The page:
Nephritis is an inflammation of the glomeruli of the kidneys. These structures are responsible for filtering and eliminating toxins and other substances from the body.
Most cases of nephritis occur due to a serious infectious, medications use, poisoning, or autoimmune disease, but it can also happen as a complication of hepatitis or HIV. The most common symptoms include decreased urine output, swollen legs and blood in the urine.
If you suspect your may have nephritis, you should proceed to the hospital or consult a neurologist to confirm a diagnosis and start treatment promptly to avoid complications like anemia or kidney injury..
The most common symptoms of nephritis are:
- Decreased urine output
- Blood in the urine
- Excess sweating, especially on the face, hands and feet
- Facial or leg swelling
- Increased blood pressure
Chronic nephritis has additional symptoms, such as loss of appetite, nausea, vomiting, fatigue, insomnia, itchiness and cramping.
Confirming a diagnosis
To confirm a diagnosis, it is important to consult a nephrologist. The doctor will order tests (like a urine test, ultrasound, CT scan and eventually a kidney biopsy) to identify the problem and start treatment as appropriate.
Types of nephritis
Nephritis can be categorized by the area of the kidney affected or the underlying cause of the problem:
- Glomerulonephritis: Inflammation mainly affects the first part of the filtration structure, the glomerulus. This can be acute or chronic.
- Interstitial nephritis: Inflammation occurs in the renal tubules and the space between the tubules and glomerulus.
- Lupus nephritis: The glomerulus is affected, and inflammation occurs due to lupus, which is an autoimmune disease
The type of nephritis can be identified by the doctor and will help to guide the type of treatment needed.
There are many reasons that can lead to the development of nephritis, such as:
- Excessive use of medications, like analgesics, antibiotics, non-steroidal anti-inflammatories, diuretics, anticonvulsants, calcineurin inhibitors like cyclosporin and tacrolimus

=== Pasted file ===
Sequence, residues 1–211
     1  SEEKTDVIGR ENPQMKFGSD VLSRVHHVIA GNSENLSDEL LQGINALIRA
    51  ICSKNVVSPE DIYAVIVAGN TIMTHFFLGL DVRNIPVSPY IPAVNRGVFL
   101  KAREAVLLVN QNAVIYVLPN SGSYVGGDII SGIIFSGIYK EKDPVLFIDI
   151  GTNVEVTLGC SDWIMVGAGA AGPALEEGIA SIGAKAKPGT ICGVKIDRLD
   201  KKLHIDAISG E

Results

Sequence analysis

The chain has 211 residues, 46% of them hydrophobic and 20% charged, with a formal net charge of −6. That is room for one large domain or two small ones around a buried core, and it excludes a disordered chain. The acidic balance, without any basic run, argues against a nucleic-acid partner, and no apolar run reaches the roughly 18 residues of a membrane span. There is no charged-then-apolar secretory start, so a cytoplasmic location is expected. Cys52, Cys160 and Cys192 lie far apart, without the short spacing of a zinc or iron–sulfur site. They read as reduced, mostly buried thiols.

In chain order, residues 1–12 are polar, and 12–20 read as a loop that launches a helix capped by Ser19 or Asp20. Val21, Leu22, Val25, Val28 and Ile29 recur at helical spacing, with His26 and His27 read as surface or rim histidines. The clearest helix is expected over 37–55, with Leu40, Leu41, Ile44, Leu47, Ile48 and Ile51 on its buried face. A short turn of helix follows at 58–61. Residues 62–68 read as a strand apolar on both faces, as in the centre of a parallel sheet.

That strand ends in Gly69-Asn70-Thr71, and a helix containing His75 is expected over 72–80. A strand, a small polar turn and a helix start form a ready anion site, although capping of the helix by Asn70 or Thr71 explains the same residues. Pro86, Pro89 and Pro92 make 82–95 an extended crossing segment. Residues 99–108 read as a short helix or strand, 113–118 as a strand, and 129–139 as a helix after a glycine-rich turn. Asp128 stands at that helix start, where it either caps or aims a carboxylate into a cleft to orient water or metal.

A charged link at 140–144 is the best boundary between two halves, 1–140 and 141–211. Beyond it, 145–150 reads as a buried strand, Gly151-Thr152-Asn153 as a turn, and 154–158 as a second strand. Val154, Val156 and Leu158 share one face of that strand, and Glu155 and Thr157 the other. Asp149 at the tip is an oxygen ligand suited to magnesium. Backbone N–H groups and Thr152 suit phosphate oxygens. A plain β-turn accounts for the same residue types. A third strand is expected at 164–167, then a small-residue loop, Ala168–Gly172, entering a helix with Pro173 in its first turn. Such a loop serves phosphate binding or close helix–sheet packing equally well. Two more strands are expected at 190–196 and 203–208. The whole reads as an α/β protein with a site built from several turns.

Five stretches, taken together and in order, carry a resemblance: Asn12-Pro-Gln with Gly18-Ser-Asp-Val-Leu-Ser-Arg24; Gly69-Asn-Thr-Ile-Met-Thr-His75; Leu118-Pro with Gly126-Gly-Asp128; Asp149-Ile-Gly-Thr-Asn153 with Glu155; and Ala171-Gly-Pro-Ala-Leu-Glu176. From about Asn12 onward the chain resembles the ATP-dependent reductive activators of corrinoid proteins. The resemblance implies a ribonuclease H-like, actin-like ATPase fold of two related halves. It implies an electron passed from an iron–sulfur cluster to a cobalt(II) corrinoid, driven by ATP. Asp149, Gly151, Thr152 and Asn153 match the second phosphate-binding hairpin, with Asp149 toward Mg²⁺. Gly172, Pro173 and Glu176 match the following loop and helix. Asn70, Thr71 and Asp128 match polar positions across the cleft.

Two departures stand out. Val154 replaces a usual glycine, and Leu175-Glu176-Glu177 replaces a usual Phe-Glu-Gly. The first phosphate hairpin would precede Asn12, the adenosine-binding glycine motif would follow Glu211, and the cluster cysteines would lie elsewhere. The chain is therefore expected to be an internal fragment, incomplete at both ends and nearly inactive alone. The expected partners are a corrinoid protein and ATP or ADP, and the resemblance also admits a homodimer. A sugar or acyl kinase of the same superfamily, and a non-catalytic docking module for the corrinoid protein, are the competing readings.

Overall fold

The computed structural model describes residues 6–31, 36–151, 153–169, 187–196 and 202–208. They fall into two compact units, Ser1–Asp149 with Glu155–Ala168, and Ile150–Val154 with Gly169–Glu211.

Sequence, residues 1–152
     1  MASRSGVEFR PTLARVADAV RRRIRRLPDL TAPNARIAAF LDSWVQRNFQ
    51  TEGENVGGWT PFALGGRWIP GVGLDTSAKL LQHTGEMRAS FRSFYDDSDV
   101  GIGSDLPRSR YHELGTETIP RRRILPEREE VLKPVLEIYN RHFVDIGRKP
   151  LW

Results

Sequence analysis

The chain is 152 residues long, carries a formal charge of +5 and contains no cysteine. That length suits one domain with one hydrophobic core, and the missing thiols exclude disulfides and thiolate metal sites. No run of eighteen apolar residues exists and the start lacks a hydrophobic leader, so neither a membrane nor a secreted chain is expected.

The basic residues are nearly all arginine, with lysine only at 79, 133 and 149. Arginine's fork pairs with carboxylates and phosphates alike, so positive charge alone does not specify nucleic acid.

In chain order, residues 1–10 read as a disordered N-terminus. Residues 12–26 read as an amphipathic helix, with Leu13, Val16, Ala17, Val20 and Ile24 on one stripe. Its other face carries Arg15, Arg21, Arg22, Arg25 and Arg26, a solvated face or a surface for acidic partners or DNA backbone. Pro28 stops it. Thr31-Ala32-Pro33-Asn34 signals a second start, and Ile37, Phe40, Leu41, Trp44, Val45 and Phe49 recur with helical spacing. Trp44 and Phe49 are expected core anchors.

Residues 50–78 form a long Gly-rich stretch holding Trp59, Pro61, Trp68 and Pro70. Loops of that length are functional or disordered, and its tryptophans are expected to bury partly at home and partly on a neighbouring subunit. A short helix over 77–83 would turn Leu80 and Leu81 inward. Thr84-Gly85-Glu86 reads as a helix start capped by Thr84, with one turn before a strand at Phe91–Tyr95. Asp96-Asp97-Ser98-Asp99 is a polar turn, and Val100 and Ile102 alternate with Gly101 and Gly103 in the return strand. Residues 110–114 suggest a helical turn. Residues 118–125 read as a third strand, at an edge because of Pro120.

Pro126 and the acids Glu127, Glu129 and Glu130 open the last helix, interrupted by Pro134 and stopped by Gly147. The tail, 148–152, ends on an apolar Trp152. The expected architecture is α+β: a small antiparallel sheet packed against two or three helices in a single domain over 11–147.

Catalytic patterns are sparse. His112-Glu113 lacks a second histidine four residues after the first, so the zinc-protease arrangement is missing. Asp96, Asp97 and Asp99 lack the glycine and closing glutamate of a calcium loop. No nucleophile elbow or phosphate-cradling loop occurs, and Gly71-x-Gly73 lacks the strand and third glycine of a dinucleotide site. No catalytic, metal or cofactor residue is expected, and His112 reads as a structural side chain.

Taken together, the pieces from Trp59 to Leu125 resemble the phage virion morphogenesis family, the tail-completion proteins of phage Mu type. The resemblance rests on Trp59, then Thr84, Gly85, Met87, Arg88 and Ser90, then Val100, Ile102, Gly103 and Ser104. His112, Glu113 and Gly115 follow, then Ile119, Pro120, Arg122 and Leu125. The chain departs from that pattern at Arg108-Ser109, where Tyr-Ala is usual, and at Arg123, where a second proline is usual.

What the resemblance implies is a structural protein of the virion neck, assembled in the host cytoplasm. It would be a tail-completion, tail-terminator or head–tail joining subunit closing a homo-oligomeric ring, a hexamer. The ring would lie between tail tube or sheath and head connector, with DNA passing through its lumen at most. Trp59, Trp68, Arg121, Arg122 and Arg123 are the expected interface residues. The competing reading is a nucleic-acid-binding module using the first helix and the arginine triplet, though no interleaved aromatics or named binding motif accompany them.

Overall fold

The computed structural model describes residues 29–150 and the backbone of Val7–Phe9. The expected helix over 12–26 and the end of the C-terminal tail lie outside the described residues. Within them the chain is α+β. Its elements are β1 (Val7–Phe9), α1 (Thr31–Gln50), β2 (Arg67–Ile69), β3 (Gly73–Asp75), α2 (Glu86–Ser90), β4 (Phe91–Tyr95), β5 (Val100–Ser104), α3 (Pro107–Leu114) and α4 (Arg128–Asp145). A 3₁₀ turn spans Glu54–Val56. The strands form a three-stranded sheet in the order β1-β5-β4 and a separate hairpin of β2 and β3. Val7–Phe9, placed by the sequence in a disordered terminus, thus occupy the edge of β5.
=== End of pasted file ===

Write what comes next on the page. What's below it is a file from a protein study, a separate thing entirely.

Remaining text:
- Infections caused by bacteria, virus and other microorganisms
- Autoimmune diseases, like lupus, Sjrögen syndrome, and IgG4-related disease
- Prolonged exposure to toxins like lithium, lead, cadmium and aristolochic acid
In addition, people with other types of nephropathies related to cancer, diabetes, HIV and anemia falciforme are at a higher risk of nephritis.
Treatment depends on the type of nephritis present. Acute nephritis can be treated with total rest, blood pressure management and decreased salt intake. Nephritis caused by an infection can require additional treatment with an antibiotic.
With chronic nephritis, in addition to blood pressure management, treatment includes the use of anti-inflammatory medications (like corticosteroids), immunosuppressants and diuretics with a low salt, low protein and low potassium diet.
The nephrologist may request frequent follow-ups as chronic nephritis leads to chronic renal disease.
To prevent the development of nephritis, you should avoid smoking, reduce stress and avoid medications that are not prescribed by your doctor. These factors can contribute to kidney injuries.
People with a history of other conditions, particularly autoimmune disease, should adhere to their prescribed treatment and follow-up with their doctors regularly for blood pressure checks and blood work. The doctor may recommend diet changes, like decreasing your overall intake of protein, salt and potassium.